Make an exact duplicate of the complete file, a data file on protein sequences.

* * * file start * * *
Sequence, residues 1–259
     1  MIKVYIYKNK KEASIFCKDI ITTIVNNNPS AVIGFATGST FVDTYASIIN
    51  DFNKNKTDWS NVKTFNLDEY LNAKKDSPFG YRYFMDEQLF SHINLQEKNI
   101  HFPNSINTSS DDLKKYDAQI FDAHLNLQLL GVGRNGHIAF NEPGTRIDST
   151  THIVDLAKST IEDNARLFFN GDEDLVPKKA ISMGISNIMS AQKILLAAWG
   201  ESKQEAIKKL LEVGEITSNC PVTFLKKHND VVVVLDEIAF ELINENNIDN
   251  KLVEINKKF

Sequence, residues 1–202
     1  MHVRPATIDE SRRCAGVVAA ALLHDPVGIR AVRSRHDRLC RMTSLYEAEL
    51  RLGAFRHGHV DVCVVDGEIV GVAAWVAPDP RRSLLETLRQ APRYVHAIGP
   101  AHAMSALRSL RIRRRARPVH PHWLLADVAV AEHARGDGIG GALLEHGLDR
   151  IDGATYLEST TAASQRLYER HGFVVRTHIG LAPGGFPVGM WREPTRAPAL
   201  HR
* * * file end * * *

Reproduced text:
Sequence, residues 1–259
     1  MIKVYIYKNK KEASIFCKDI ITTIVNNNPS AVIGFATGST FVDTYASIIN
    51  DFNKNKTDWS NVKTFNLDEY LNAKKDSPFG YRYFMDEQLF SHINLQEKNI
   101  HFPNSINTSS DDLKKYDAQI FDAHLNLQLL GVGRNGHIAF NEPGTRIDST
   151  THIVDLAKST IEDNARLFFN GDEDLVPKKA ISMGISNIMS AQKILLAAWG
   201  ESKQEAIKKL LEVGEITSNC PVTFLKKHND VVVVLDEIAF ELINENNIDN
   251  KLVEINKKF

Sequence, residues 1–202
     1  MHVRPATIDE SRRCAGVVAA ALLHDPVGIR AVRSRHDRLC RMTSLYEAEL
    51  RLGAFRHGHV DVCVVDGEIV GVAAWVAPDP RRSLLETLRQ APRYVHAIGP
   101  AHAMSALRSL RIRRRARPVH PHWLLADVAV AEHARGDGIG GALLEHGLDR
   151  IDGATYLEST TAASQRLYER HGFVVRTHIG LAPGGFPVGM WREPTRAPAL
   201  HR